What Are Some Poetic Devices in "The Raven"?

The literary devices Edgar Allan Poe uses in "The Raven" include imagery and symbolism, which he uses to portray the narrator's mood. Poe also incorporates a metaphor in the poem to create tension.

Imagery is a device Poe incorporates into this poem. The bird is black, representing darkness. The room is filled with shadows, which helps Poe create a gloomy mood. The raven slowly terrifies the narrator, which causes him to believe the bird is nothing but the image of a demon. His shadow at the end of the poem creates a sense of despair for the narrator.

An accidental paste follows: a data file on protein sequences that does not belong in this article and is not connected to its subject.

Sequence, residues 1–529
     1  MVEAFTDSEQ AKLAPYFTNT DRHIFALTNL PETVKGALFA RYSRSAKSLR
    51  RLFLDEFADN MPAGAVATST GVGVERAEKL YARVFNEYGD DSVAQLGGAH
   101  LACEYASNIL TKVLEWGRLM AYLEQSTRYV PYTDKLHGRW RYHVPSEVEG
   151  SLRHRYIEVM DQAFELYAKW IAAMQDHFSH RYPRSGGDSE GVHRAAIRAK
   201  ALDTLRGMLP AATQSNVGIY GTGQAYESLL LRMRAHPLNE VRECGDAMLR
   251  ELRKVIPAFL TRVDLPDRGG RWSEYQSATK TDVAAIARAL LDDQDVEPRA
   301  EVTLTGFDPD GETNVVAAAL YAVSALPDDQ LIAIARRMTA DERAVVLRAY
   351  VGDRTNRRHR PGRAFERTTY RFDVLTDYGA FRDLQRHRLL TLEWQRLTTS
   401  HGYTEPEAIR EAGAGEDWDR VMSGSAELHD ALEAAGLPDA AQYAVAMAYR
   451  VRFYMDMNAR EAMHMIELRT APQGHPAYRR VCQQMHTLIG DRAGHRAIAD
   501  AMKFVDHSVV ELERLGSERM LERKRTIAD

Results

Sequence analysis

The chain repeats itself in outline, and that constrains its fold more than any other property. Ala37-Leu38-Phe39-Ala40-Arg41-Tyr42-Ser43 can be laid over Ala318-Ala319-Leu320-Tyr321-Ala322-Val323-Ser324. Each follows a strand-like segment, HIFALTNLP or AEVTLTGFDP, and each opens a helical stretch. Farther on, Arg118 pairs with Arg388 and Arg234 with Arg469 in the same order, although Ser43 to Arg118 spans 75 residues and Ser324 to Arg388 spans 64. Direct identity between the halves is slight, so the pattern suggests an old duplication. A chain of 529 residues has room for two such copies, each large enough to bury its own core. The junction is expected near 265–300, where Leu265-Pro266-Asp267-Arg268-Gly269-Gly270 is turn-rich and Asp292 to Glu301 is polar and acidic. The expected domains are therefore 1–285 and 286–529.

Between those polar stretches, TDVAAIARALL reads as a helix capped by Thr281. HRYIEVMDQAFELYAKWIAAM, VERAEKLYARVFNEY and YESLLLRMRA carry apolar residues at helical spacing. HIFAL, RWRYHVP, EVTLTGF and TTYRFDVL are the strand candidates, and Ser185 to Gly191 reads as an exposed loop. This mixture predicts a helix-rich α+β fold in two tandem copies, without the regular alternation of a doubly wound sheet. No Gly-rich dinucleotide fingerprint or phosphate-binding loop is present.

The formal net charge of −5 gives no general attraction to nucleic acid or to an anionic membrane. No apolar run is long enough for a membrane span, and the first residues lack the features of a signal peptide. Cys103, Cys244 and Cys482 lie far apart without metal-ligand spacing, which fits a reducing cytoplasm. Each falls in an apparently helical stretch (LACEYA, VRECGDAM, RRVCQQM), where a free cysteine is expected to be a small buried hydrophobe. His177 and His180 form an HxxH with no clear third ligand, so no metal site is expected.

Another device Poe uses is symbolism, with the raven being the most significant. Ravens are generally seen as a bad omen, and having the bird repeat the negative word, "Nevermore," adds to the overall hopeless ambiance Poe intended to create. Because the bird haunts the narrator, it becomes a symbol of evil.

Poe also uses a metaphor in the poem. Poe personifies the raven, making it more mysterious than the average raven should be. As the poem progresses, the raven becomes a prophet and then it turns into a devil. Its eyes burn into the narrator’s core, leading him to assume the raven has magical qualities with diabolical intentions.